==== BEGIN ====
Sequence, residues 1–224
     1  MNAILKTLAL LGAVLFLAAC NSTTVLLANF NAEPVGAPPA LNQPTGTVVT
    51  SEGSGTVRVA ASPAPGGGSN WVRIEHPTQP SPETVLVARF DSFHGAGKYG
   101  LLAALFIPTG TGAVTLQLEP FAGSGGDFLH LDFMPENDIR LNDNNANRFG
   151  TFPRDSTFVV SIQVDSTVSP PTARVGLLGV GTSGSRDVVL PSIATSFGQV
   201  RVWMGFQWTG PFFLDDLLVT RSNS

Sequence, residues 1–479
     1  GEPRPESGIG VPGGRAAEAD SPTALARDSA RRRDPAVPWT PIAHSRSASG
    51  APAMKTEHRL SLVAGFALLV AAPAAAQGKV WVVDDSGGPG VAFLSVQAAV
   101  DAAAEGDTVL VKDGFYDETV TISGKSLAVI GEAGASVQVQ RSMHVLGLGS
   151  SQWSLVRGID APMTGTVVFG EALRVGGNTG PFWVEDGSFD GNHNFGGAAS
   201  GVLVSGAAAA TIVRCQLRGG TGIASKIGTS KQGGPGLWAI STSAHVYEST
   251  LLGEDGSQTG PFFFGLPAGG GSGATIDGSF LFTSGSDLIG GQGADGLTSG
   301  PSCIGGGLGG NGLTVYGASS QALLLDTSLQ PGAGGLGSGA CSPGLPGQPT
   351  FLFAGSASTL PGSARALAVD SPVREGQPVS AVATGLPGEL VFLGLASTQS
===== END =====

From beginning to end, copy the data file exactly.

Sequence, residues 1–224
     1  MNAILKTLAL LGAVLFLAAC NSTTVLLANF NAEPVGAPPA LNQPTGTVVT
    51  SEGSGTVRVA ASPAPGGGSN WVRIEHPTQP SPETVLVARF DSFHGAGKYG
   101  LLAALFIPTG TGAVTLQLEP FAGSGGDFLH LDFMPENDIR LNDNNANRFG
   151  TFPRDSTFVV SIQVDSTVSP PTARVGLLGV GTSGSRDVVL PSIATSFGQV
   201  RVWMGFQWTG PFFLDDLLVT RSNS

Sequence, residues 1–479
     1  GEPRPESGIG VPGGRAAEAD SPTALARDSA RRRDPAVPWT PIAHSRSASG
    51  APAMKTEHRL SLVAGFALLV AAPAAAQGKV WVVDDSGGPG VAFLSVQAAV
   101  DAAAEGDTVL VKDGFYDETV TISGKSLAVI GEAGASVQVQ RSMHVLGLGS
   151  SQWSLVRGID APMTGTVVFG EALRVGGNTG PFWVEDGSFD GNHNFGGAAS
   201  GVLVSGAAAA TIVRCQLRGG TGIASKIGTS KQGGPGLWAI STSAHVYEST
   251  LLGEDGSQTG PFFFGLPAGG GSGATIDGSF LFTSGSDLIG GQGADGLTSG
   301  PSCIGGGLGG NGLTVYGASS QALLLDTSLQ PGAGGLGSGA CSPGLPGQPT
   351  FLFAGSASTL PGSARALAVD SPVREGQPVS AVATGLPGEL VFLGLASTQS